From June 24 to July 23, small businesses grew employment by 0.2 percent, equaling an annual growth rate of 2.9 percent, with 50,000 new hires, according to the Small Business Employment Index by Intuit Inc.

Hours worked also grew by 0.7 percent for an 8.6 percent annual rate, and compensation increased by 0.6 percent for the month, resulting in a 7.6 percent annual rate, in July. Since October 2009, small businesses, which are defined by employers with fewer than 20 employees that use Intuit Online Payroll, have added 715,000 jobs. Based on these latest numbers, Intuit revised upward the previously reported growth rate for June to 0.3 percent from 0.2 percent, equating to 50,000 jobs added for the month.

“July’s small-business data cheers me up,” says Susan Woodward, the economist who worked with Intuit to create the Index. “In addition to a steady hiring trend, there is now a solid increase in hours worked and compensation. This means that small business owners are busy, giving their existing employees more work and paying them slightly more.

“At the same time, we see that the hiring rate is up and so is the fraction of hourly people working more than 140 hours per month. When we see the hiring rate go up with roughly the same growth in employment as in previous months, we can infer that people are leaving jobs in small business. This means that small businesses have to find new employees, which is a good sign for activity in the economy overall. The recovery is still slow, but these numbers, when viewed together, show that things are getting better, not worse.”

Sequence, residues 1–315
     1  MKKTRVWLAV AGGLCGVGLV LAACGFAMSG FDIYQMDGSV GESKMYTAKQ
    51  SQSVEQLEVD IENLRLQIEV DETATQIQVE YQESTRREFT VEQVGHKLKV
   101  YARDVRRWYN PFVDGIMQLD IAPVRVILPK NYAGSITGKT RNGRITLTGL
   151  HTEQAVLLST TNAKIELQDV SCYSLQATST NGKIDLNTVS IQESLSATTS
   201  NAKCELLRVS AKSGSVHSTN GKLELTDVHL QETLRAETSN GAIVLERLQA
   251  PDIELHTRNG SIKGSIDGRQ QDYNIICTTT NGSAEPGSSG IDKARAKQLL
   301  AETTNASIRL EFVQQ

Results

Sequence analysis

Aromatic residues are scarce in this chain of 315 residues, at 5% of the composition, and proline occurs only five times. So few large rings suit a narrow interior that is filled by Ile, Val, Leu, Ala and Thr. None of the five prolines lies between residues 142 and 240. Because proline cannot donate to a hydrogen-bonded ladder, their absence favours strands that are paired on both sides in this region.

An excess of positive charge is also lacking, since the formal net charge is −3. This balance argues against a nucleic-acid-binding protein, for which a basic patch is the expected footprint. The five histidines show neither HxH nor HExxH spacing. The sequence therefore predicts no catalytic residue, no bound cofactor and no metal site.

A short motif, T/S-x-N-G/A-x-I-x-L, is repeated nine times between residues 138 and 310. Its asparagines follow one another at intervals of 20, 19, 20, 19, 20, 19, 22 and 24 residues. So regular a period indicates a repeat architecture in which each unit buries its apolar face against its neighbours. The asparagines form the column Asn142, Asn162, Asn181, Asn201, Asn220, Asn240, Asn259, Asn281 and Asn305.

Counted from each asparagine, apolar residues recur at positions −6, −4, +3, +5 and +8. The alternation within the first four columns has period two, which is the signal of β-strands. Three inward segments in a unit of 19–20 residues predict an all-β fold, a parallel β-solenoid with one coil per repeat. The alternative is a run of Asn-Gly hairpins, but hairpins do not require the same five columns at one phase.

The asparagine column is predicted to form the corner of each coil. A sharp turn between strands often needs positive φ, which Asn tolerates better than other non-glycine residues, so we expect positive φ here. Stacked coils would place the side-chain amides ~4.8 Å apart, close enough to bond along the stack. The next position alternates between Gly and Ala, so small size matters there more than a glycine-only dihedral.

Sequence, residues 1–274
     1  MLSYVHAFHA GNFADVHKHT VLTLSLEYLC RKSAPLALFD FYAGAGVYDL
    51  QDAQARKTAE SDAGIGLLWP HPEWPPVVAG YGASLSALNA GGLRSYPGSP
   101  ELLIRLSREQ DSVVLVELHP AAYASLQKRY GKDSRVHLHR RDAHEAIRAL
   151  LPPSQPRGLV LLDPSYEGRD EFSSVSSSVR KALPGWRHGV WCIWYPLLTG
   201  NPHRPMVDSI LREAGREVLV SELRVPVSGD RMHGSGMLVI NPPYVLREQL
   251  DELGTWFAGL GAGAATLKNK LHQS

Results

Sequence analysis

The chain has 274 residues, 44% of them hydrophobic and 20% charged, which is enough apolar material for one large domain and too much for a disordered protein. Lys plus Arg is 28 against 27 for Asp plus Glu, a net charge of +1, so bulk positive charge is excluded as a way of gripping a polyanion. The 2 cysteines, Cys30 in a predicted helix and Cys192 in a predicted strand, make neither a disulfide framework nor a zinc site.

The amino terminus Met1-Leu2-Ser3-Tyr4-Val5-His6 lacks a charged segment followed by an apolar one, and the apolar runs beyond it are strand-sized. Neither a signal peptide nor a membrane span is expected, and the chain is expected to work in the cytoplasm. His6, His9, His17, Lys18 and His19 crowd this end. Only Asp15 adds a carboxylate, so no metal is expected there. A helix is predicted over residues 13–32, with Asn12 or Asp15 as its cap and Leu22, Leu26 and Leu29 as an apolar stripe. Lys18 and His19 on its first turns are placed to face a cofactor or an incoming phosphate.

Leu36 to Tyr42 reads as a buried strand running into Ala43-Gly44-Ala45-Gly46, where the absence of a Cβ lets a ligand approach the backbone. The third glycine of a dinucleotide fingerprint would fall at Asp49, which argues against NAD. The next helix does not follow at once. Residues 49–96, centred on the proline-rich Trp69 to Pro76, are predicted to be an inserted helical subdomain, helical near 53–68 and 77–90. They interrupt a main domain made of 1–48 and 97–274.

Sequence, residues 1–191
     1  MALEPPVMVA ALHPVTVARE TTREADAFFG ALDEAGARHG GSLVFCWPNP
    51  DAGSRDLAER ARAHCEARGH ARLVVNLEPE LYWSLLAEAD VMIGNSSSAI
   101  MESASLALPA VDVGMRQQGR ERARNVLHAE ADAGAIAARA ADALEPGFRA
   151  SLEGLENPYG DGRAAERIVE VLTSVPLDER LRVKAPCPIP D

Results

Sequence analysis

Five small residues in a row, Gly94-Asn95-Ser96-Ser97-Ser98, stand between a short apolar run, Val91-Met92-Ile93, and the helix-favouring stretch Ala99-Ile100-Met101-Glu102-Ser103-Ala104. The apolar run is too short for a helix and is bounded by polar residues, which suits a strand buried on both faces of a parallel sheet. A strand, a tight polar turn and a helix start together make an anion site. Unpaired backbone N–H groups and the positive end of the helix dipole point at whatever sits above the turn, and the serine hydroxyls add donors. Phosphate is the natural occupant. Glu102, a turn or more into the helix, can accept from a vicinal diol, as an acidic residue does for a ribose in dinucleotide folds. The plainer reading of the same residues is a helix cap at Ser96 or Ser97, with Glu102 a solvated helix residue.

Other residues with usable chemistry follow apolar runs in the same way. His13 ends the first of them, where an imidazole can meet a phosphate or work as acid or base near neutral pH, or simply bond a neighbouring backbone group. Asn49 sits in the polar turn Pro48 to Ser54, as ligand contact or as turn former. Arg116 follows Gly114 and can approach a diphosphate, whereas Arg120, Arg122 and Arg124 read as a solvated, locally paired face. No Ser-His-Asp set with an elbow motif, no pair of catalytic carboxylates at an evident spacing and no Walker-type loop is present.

On average, small-business hourly employees worked 110.2 hours in July, equaling a 25.4-hour workweek. This represents a 0.7 percent increase from June’s 109.5 hours.

“This increase in hours worked is very good news and shows that small businesses have work to do,” Woodward says.

In July, the average monthly pay for all small-business employees was $2,682, a 0.6 percent increase compared to the June’s $2,666 per month. Approximately 65 percent of small-business employees are hourly, and 30.3 percent of them put in more than 140 hours in July, which is up from 30.1 percent in June.

Compensation per employee is up,” Woodward says. “Through many months of this tepid recovery, we saw essentially no movement in either total compensation per employee or the hourly wage. This movement coupled with the rise in employment and the hiring rate means that there is finally competition for workers.”

Additionally, the Intuit Index examines employment by census divisions and states across the U.S.

“For the most part, small-business job growth continues across most of the country,” says Ginny Lee, senior vice president and general manager of Intuit’s employee management solutions division. “While Maryland and the East South Central division continue to show a slight decline in employment, these changes are within the range of random variation and not particularly worrisome. In our data, we also see that hours worked are up across all divisions, another sign that times are getting better for many small businesses nationwide.”

Small-business employment by the U.S. Census Division is growing in most regions of the U.S., except the East South Central division. The figures represent employment from approximately 68,000 small-business employers that use Intuit Online Payroll.

 

 

 

 

 

 

U.S. Census Division

 

 

 

 

Percent Change in Employment

East North Central

 

 

 

 

0.3%

West North Central

 

 

 

 

0.4%

Middle Atlantic

 

 

 

 

0.3%

Mountain

 

 

 

 

0.2%

New England

 

 

 

 

0.3%

Pacific

 

 

 

 

0.3%

South Atlantic

 

 

 

 

0.3%

East South Central

 

 

 

 

-0.1%

West South Central

 

 

 

 

0.2%

Small-business employment by state is increasing for most states, which is reflected by 1,000 small businesses that use Intuit Online Payroll.

 

 

 

 

 

 

 

State

 

 

 

 

 

Percent Change in Employment

Arizona

 

 

 

 

 

0.2%

California

 

 

 

 

 

0.3%

Florida

 

 

 

 

 

0.4%

Georgia

 

 

 

 

 

0.5%

Illinois

 

 

 

 

 

0.2%

Maryland

 

 

 

 

 

-0.2%

Massachusetts

 

 

 

 

 

0.2%

New Jersey

 

 

 

 

 

0.4%

New York

 

 

 

 

 

0.1%

North Carolina

 

 

 

 

 

0.4%

Pennsylvania

 

 

 

 

 

0.5%

Texas

 

 

 

 

 

0.2%

Virginia

 

 

 

 

 

0.4%

Washington

 

 

 

 

 

0.6%